Actually, it may very well be a problem. Depends what you’re driving.

Driving a really old car? You’ll have one of these. Off you go. Top tip: keep your thumbs on the same side of the handle as your fingers.

Driving a newer manual car?

Ignition on, second gear, press clutch, get car up to about slow running speed, release clutch quickly pressing accelerator. To get up to speed, you’ll need the hill you carefully parked on because you knew your starter was dodgy, or to recruit somebody to push. Nobody to push? You could do it yourself. You’ll need enough momentum to be able to jump in before it’s too late. You’ll not need to find the car going downhill and running away from you. That rarely ends well.

Driving a Smart 450 or 452?

Ignition on, full throttle while stationary, hold gear lever in +, use gravity or trusted helpers to get up to about running speed at which point the clutch should engage.


Driving one of several varieties of older automatic?

Ignition on, lever in neutral, tow or serious hill to about 20 or 30 mph, lever in D while pressing accelerator.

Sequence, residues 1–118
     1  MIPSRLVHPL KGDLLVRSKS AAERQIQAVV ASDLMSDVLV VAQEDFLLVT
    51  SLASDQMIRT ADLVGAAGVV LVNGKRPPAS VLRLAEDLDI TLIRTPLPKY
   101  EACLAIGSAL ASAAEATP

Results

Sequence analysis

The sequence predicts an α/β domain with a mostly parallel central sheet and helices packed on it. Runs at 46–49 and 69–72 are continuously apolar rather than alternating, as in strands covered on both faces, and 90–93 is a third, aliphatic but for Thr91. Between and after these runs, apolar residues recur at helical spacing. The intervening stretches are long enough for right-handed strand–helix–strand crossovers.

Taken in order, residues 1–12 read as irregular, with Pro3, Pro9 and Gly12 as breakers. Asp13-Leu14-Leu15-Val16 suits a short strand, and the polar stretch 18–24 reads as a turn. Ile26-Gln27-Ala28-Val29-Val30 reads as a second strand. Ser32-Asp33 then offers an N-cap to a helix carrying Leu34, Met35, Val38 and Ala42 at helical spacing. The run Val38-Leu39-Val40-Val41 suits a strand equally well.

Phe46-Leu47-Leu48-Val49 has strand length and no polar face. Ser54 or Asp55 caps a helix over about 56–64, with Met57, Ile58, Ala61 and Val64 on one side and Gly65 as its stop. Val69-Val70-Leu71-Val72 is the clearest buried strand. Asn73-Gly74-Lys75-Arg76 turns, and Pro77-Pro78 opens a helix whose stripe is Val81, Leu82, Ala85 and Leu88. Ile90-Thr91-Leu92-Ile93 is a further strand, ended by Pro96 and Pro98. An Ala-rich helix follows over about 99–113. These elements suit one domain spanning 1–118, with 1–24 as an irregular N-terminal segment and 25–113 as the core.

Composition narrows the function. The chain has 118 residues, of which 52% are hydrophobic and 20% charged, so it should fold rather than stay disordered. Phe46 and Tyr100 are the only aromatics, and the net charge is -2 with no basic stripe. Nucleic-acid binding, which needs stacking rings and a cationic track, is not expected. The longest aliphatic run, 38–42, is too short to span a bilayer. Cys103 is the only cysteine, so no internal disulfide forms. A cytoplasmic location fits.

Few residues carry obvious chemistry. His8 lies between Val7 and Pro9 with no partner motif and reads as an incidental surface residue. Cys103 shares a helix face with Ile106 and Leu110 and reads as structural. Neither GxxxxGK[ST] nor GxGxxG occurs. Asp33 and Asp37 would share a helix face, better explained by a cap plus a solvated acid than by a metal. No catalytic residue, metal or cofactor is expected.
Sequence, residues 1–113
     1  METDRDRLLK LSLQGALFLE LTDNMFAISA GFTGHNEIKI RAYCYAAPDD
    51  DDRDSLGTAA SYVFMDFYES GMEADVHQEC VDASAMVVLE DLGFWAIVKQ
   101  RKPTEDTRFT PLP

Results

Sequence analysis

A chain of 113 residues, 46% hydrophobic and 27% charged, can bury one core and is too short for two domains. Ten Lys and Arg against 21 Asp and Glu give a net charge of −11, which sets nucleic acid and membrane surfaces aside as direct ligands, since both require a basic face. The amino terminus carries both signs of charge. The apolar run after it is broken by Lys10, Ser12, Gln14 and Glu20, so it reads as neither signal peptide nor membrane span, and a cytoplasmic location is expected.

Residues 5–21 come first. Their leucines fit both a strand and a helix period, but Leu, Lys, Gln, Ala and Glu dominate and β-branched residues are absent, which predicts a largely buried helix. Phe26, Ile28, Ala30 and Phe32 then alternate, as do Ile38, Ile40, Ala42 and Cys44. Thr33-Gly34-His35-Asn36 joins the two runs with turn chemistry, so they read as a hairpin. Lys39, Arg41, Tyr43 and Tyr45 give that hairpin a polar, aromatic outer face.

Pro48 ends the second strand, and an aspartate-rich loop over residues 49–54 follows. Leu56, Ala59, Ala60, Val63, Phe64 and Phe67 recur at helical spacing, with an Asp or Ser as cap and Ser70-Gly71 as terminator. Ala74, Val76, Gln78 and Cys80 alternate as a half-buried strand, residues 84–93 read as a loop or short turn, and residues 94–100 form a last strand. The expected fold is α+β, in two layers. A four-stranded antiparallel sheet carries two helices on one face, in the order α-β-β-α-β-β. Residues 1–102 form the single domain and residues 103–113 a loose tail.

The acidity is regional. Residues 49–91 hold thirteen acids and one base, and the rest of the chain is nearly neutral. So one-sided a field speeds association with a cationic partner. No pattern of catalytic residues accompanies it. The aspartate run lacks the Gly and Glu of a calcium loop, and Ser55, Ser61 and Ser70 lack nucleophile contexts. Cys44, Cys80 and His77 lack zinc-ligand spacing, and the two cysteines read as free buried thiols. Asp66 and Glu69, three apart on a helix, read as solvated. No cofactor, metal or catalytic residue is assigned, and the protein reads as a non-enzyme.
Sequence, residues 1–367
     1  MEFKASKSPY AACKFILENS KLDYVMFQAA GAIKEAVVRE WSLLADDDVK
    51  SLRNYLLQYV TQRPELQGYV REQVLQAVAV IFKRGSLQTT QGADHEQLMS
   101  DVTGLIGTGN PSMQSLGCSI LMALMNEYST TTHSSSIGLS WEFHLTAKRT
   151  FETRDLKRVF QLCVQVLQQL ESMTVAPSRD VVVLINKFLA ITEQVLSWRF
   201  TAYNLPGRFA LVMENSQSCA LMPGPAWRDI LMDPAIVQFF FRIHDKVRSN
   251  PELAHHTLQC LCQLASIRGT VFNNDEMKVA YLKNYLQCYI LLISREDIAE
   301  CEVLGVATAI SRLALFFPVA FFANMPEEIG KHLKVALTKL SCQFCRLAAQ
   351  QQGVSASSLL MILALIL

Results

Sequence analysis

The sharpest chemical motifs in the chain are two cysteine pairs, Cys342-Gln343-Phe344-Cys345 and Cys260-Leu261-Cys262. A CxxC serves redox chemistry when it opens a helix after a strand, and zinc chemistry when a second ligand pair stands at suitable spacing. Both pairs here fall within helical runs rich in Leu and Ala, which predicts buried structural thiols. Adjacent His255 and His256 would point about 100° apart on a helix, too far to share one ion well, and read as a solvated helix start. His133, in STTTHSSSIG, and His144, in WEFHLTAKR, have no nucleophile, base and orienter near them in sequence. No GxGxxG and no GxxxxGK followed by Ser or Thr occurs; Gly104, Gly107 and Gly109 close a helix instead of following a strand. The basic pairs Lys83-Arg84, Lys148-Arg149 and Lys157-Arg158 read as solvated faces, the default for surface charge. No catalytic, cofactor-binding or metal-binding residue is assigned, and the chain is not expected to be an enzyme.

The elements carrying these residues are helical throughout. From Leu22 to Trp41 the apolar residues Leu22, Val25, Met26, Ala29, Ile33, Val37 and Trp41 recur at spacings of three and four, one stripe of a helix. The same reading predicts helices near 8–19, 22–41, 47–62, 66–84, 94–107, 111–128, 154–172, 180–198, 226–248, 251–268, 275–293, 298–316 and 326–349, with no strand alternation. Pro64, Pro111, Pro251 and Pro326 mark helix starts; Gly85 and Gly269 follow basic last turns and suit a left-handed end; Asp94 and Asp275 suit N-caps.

Driving an external combustion vehicle? Ah, the virtues of torque at zero rpm. All you need is enough water and enough fuel. No, this one doesn’t have a particulate filter.

Driving a big plane? If you’re still on the ground, you’re going nowhere until it’s fixed. Still in the air? You’ll need to go down to where there’s enough oxygen in the air that the engine will windmill its way to a start, if you’re lucky. Just like starting your car using a hill. If you’re not lucky, the ground awaits one way or the other.


Driving a plane that doesn’t usually use an engine?

A glider (or sailplane, if you wish) has the distinct disadvantages that it’s not getting off the ground by itself and that it goes downwards unless the air is going upwards. You can fix this by fitting an engine. Fit a bigger one and you can both take off and extend your range. Fit a smaller one and you can use it only as a range extender. Weight is an enemy in the aviation world, especially the unpowered section of it, so you make your engine lighter by dispensing with starter, alternator and battery (magneto instead). You’ll need to start it though and so you use the hill start technique. You extract the prop from its hidey hole behind you, add fuel and rely on the air rushing by to turn the blades with sufficient vigour that the little two stroke starts. You really, really don’t want to start this process at low altitude and find yourself fixated on starting a recalcitrant two stroke while the ground (you’re going downhill remember) gets closer. And closer.

Just in case you’re wondering, adding a little two stroke engine to your glider costs about as much as a nice car.